Yeah, that’s a good point. Because you will never have any opportunities within your Big 4 firm to move into the valuation department or M&A department. SOX compliance is not important to public companies (regardless of what the CFO says), and neither is financial statement presentation.
It must just be a myth that Big 4 companies have a corporate finance department that help their clients prepare for 144A bond offerings and help them do their initial IPO’s and shelf registrations.
Moving into the valuation/transaction services side is tough since there are a lot of people who want to move there from the audit side. I knew a guy who tried (he was bright too) and the firm wouldn’t let him so he said he was going to quit, then the firm magically found a spot for him. He still quit. The people I’ve known from that department usually then jump to IB or equity research after a couple of years. Lets face it, auditing sucks. It’s boring and nobody really appreciates it.
Financial statement audits to prepare for an IPO is the closest you’ll ever get to one if you’re on the audit side of a Big 4 firm. Maybe you’d see something cooler on the advisory side, but at that point the company would probably just hire a real consulting firm.
But the first few months of work is the most important, you don’t want to appear distracted and overly ambitious (like you are only there to land another job) - yes eventhough 90% of associates there will eventually leave the audit firm but they still don’t want you to appear that way!
And to be honest, it will benefit you more if you start studying something more related to your modules? and make sure you don’t fail any of them?
that’s just my 2 cents, you can try the CFA thing right now, but i’d say it doesn’t benefit you in the near future - the smartest thing to do is to stay with the firm until you complete CPA, which is another 3 years at the minimum. I think you can revisit the CFA program in a couple of years.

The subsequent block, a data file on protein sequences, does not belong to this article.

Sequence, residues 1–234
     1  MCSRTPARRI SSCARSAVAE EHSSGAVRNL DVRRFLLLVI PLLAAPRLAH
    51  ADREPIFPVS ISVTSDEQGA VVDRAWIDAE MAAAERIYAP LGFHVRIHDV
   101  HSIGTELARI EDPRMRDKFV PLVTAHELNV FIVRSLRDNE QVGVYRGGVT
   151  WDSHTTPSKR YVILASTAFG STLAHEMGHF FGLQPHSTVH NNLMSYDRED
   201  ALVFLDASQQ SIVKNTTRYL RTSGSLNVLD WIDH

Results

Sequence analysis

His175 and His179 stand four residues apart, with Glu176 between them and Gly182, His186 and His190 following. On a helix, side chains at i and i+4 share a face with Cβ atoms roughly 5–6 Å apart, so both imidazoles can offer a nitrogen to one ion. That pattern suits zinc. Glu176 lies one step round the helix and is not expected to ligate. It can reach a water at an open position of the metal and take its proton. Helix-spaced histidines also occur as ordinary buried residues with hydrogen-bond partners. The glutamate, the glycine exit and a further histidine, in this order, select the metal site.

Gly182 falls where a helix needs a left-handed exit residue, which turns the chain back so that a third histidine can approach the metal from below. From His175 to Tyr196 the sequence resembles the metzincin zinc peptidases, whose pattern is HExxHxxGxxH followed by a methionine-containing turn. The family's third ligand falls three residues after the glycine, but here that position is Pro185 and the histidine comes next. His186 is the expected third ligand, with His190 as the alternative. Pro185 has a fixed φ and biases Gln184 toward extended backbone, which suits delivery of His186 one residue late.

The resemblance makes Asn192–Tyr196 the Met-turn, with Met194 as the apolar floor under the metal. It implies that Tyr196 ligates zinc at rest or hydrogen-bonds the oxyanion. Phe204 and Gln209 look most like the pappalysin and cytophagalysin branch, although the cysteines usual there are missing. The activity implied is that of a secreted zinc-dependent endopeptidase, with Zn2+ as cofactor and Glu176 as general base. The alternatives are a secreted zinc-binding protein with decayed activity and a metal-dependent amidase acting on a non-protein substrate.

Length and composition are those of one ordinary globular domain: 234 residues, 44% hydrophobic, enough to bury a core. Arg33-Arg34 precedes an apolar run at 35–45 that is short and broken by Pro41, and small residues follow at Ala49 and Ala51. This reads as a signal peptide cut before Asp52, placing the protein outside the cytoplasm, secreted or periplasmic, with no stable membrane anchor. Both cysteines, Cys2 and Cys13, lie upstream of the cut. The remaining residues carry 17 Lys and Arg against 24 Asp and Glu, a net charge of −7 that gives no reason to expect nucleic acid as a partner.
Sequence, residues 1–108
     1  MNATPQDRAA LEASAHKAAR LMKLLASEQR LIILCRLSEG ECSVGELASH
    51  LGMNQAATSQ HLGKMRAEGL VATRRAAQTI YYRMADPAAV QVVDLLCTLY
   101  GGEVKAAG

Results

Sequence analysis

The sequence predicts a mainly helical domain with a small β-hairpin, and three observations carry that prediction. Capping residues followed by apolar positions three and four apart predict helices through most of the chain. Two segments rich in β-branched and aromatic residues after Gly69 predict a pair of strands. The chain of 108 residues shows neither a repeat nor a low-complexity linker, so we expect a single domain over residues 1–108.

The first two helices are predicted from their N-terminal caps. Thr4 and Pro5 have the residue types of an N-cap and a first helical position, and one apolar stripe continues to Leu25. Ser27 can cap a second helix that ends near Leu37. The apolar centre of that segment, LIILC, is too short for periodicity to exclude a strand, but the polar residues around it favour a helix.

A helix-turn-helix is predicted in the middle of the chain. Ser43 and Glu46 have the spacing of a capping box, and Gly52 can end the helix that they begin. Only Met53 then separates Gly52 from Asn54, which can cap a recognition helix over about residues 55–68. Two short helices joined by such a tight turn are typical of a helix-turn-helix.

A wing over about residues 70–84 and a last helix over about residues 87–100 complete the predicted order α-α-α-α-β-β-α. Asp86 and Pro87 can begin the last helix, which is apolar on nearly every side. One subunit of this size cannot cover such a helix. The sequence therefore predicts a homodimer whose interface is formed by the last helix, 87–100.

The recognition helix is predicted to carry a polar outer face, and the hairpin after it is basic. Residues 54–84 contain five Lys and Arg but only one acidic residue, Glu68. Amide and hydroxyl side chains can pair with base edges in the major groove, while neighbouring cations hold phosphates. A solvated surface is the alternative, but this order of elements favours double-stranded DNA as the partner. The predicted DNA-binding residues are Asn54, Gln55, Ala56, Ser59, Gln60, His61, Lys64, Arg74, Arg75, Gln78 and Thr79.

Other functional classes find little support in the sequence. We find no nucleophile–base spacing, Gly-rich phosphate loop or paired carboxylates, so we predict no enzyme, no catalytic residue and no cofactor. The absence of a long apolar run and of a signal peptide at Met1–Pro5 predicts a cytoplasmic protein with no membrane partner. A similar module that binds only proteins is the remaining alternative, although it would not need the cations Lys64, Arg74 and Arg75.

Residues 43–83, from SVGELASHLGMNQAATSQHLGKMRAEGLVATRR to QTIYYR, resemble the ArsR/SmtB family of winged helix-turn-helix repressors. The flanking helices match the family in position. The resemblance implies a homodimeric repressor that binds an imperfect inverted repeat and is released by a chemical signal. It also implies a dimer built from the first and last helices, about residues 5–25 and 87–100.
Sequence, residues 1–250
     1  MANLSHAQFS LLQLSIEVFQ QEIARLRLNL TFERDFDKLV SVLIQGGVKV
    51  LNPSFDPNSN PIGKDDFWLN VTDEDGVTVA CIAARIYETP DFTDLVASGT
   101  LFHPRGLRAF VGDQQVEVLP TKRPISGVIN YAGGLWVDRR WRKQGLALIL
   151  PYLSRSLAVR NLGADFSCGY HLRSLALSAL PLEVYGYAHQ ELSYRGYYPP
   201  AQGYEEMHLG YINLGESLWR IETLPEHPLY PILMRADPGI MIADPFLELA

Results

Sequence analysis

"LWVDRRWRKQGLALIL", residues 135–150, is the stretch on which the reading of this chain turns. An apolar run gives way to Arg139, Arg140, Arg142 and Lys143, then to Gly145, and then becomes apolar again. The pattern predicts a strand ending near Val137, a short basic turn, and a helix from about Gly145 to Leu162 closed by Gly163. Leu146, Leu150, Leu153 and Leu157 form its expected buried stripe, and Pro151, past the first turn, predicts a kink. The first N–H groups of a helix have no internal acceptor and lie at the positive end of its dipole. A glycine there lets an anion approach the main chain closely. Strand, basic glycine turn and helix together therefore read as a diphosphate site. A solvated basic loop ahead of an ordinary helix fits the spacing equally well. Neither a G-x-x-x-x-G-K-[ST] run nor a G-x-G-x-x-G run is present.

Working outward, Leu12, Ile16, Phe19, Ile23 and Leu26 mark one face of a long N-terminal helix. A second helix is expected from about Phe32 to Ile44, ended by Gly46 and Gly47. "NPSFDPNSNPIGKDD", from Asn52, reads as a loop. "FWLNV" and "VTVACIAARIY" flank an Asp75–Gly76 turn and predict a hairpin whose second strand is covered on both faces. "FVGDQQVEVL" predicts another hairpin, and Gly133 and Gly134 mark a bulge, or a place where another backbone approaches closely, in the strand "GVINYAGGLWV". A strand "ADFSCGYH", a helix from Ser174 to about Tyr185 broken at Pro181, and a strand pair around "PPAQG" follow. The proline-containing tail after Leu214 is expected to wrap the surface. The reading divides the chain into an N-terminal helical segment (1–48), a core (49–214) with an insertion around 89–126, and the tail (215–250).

I guess the main point discouraging me from embarking on the CFA programme is that it would distract me from my job even though the distraction would last only 7 weeks.
In my country (unlike in North America or elsewhere) , I am already eligible to take the CPA exams and intend to complete them in 2014. (Take 2 in June and 2 in December). So if I pass the 4 exams next year, getting my CPA in 2015 is a sure thing. The thing is that I cannot start studying for these 2 exams yet as there has been a overhaul of the CPA syllabus and the first batch will be taking the first 2 modules in December.
By the way, does anyone know what qualifications are neccessary for a job in compliance in a bank?
Lastly, is there any benefit in terms of knowledge to have both qualifications? In what way do they complement each other?
If you switch to valuation you will reset your career because all you know how to do is audit and will need to prove yourself as a preparer. If the OP really wants to transition to SOX 404 compliance more power to him or her (CFA program not needed in that case). I was merely pointing out to the OP that if he or she is already thinking about the CFA program, maybe he or she doesn’t want to be in accounting long term as the CFA curriculum though helpful, is not essential to success as an auditor. If he or she wants to switch jobs, fine, but that wasn’t the initial question. No one doubts the plethora of options afforded to someone that starts a career in public accounting. However the exit strategy, if any, must be strategic. I’m sorry, but the longer you remain the auditor, the harder it will be to transition to anything else because you either will need to restart your career or only be able to interview for internal audit, G/L accounting or financial reporting type roles.
I have a friend who did exactly this. Couldn’t get a job in finance, so worked at E&Y as an auditor. Switched to corp finance at another audit firm after passing level 3. So yes it can work for you in a roundabout way. But you might be better off just sticking to the career that you are already embarked on. My friend isn’t paid any better now in this new department.